You’ve been tossing and turning, watching the hands of the clock move relentlessly forward: 2 a.m., 2:30 a.m., 3 a.m., onward. Your room is dark. You’re certainly not working on your computer in bed — hmmm, but did you have coffee after lunch? Maybe that’s why you’re not sleeping, despite following some of those other standard sleep hygiene practices, like making sure your bedroom is dark, cool and quiet. What more can you do?
For one thing, stop worrying about an inability to fall asleep or sleep through the night if it’s only for a few nights. Sleep is a self-correcting system that has ways of getting back on track if it derails briefly. If, for example, some emergency causes you to be sleep-deprived, natural feelings of sleepiness will help you sleep better once the emergency is over. So don’t take any night, or two, or three, too seriously. Allow the self-correcting nature of sleep to take its course.
On the other hand, if you have chronic insomnia that goes on for weeks on end and you’re continually waking up unrefreshed, then it’s time to take action.
- Get up at the same time every day. And, if possible, get some natural light exposure the first thing in the morning. It’s not enough to simply raise the blinds or open the curtain. Daylight can help train your body to become fully awake at the time you choose.
- Don’t nap. If you do, limit the time to about 20 minutes in the afternoon. Dozing in the early evening is the worst thing to do; it will make it much more difficult to fall asleep at bedtime.
- Do some form of aerobic exercise at a moderate intensity no later than three or four hours before bedtime. If you get revved up closer to bedtime, you probably won’t be able to fall asleep.
- Watch your coffee-caffeine consumption. Avoid drinking coffee or having any other caffeine-containing beverage or food in the afternoon if you’re over age 60; the body’s ability to metabolize caffeine slows down significantly with age, and it can remain in your bloodstream for as long as eight or nine hours. If you’re under age 60, steer clear of caffeine after 4 p.m.
- If you’re still smoking, be aware that having a cigarette when you can’t fall asleep will only keep you awake longer.
- Adjust your alcohol consumption. A “nightcap” can make you sleepy, but it will interfere with your ability to stay asleep. The same is true of a glass of wine at dinner; this often means doing some kind of balancing act, since a daily glass of wine is also associated with some beneficial health effects.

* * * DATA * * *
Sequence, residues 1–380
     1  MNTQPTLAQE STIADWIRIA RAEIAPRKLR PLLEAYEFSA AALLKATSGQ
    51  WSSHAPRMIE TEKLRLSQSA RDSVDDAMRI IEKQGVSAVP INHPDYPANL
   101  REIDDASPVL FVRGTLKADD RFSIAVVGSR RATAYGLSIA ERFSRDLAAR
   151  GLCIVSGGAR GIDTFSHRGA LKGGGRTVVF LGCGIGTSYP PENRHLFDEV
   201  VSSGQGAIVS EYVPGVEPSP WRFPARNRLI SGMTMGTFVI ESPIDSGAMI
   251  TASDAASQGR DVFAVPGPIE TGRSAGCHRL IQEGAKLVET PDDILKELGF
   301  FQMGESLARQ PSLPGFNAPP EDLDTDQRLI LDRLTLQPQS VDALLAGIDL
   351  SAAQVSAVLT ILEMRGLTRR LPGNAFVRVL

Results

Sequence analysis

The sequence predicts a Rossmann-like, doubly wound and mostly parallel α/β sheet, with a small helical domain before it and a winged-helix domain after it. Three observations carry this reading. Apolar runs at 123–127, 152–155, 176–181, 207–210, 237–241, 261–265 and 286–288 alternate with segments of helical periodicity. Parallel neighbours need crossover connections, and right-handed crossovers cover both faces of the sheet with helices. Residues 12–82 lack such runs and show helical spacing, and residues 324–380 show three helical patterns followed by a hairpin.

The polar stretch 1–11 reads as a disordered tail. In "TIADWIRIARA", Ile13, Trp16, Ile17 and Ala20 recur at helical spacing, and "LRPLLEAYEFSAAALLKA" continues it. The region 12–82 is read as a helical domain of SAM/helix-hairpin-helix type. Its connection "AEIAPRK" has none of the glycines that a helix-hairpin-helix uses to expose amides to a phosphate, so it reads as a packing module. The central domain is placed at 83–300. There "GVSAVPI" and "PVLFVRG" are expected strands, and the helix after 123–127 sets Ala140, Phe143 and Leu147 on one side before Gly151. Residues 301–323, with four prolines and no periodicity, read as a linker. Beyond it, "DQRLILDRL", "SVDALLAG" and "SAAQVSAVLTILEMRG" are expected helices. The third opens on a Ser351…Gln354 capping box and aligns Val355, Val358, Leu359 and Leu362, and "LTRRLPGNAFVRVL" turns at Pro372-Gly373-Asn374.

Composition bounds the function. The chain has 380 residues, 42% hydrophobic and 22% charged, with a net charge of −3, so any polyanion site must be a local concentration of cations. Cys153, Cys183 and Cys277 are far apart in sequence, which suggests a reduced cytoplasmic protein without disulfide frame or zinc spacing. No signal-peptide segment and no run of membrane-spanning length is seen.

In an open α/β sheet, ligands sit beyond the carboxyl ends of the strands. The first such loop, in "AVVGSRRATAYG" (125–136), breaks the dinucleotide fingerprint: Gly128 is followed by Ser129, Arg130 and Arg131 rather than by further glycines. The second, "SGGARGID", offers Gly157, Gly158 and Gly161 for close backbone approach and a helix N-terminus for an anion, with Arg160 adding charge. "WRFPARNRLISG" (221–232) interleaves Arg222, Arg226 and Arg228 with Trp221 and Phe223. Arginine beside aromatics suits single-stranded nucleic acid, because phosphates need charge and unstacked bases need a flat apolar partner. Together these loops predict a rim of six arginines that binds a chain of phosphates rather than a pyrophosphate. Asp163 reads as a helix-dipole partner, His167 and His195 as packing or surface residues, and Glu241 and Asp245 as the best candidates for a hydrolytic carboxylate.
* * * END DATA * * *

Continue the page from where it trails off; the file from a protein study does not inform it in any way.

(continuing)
- Use a relaxation technique, like meditation, slow deep breathing or visualization, to help you spend the hour or so before bedtime in a relaxed state. One that I find effective is to inhale deeply and slowly, counting to seven; holding for a couple of seconds; then exhaling slowly to a count of seven. After a few rounds, I generally fall asleep.
- What if you wake up in the middle of the night? Again, try a relaxation technique. If you don’t fall back to sleep within 10 or 15 minutes, try getting up, going into another room with a book light and reading something that’s not too exciting and that’s not work-related. You may fall asleep right then and there.
Although some supplements and herbs, such as valerian, have sedating effects that may help you get to sleep faster, most studies have shown that they have limited effectiveness, at best. If you decide to try them, first check with your doctor to make sure a supplement doesn’t interfere with any medications or other supplements you may be taking. A non-drug approach you might want to try is taking a relaxing, hot bath a few hours before going to bed.
If none of these strategies help get your sleep back on track, consider seeing a sleep specialist — one who is certified by, or has a specialization in sleep disorders, from the American Board of Sleep Medicine or the American Board of Medical Specialties.
When you go for a consultation at a sleep center, bring a copy of your medical records and a sleep diary detailing your sleep problem, when it occurs and how often. Also, make a list of all over-the-counter and prescription medications and supplements you may be taking, and any strategies you’ve tried to improve your sleep on your own.